The goal of gargle is to take some of the agonizing pain out of working with Google APIs. This includes functions and classes for handling common credential types and for preparing, executing, and processing HTTP requests.

The target user of gargle is an R package author who is wrapping one of the ~250 Google APIs listed in the APIs Explorer. gargle aims to play roughly the same role as Google’s official client libraries, but for R. gargle may also be useful to useRs making direct calls to Google APIs, who are prepared to navigate the details of low-level API access.

gargle’s functionality falls into two main domains:

  • Auth. The token_fetch() function calls a series of concrete credential-fetching functions to obtain a valid access token (or it quietly dies trying).
    • This covers explicit service accounts, application default credentials, Google Compute Engine, and the standard OAuth2 browser flow.
    • gargle offers the Gargle2.0 class, which extends httr::Token2.0. It is the default class for user OAuth 2.0 credentials. There are two main differences from httr::Token2.0: greater emphasis on the user’s email (e.g. Google identity) and default token caching is at the user level.
  • Requests and responses. A family of functions helps to prepare HTTP requests, (possibly with reference to an API spec derived from a Discovery Document), make requests, and process the response.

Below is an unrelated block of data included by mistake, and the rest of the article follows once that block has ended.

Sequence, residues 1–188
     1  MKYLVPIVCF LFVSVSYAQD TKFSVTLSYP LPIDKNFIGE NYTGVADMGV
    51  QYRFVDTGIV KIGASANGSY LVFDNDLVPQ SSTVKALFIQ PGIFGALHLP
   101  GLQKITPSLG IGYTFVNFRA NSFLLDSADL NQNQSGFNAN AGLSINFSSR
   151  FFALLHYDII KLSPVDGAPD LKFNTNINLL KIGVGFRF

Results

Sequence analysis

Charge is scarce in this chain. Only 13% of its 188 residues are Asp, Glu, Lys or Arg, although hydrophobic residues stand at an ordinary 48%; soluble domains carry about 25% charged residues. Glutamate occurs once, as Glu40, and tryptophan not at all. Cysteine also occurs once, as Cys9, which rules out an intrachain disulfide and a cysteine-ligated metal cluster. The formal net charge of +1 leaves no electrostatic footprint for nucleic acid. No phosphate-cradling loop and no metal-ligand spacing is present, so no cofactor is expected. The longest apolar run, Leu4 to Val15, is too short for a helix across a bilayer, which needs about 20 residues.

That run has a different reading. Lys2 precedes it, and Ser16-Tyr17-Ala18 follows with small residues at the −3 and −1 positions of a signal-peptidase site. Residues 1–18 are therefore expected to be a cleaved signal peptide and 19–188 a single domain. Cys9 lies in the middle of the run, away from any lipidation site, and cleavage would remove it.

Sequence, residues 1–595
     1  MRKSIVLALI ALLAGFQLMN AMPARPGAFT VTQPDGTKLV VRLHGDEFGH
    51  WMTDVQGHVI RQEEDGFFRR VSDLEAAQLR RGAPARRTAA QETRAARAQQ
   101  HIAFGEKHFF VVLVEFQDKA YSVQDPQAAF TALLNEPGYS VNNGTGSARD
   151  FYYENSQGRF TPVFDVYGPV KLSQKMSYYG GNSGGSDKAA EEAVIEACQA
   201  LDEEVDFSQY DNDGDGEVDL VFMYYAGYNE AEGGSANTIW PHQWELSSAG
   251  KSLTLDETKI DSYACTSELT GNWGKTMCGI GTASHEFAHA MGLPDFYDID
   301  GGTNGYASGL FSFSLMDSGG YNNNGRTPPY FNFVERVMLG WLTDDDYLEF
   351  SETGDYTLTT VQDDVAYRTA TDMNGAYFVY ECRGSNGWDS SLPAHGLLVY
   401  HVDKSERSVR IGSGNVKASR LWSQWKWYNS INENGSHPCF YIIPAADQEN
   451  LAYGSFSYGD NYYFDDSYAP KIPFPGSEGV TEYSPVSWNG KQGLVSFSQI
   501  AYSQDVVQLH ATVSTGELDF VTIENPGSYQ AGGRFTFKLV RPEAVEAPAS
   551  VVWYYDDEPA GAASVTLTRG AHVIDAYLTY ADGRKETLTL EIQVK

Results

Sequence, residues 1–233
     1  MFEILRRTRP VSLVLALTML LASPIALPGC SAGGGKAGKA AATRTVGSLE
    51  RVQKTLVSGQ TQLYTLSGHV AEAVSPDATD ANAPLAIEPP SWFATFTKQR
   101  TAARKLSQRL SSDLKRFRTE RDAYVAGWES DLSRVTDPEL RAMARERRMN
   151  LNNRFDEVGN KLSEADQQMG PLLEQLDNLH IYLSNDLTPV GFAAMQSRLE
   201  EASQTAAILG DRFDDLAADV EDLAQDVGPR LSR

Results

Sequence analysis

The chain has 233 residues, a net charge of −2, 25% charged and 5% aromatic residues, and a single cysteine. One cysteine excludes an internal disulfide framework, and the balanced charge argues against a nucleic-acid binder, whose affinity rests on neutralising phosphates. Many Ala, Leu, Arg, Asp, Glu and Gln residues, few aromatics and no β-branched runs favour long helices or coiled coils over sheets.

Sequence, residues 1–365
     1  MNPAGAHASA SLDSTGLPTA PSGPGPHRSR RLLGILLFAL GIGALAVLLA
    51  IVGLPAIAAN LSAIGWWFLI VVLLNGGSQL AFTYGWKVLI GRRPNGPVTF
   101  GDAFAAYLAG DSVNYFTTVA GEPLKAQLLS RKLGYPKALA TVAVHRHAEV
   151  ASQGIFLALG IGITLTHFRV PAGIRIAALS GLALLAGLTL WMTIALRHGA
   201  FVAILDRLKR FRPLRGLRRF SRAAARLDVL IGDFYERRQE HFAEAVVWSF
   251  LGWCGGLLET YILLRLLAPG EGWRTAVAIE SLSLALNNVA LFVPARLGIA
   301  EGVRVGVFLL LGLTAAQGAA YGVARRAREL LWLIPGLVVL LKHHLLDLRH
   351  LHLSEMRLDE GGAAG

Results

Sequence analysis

See the articles for holistic advice on how to use gargle.

Installation

You can install the released version of gargle from CRAN with:

And the development version from GitHub with:

Basic usage

gargle is a low-level package and does not do anything visibly exciting on its own. But here’s a bit of usage in an interactive scenario where a user confirms they want to use a specific Google identity and loads an OAuth2 token.

Here’s an example of using request and response helpers to make a one-off request to the Web Fonts Developer API. We show the most popular web font families served by Google Fonts.

Please note that the ‘gargle’ project is released with a Contributor Code of Conduct. By contributing to this project, you agree to abide by its terms.

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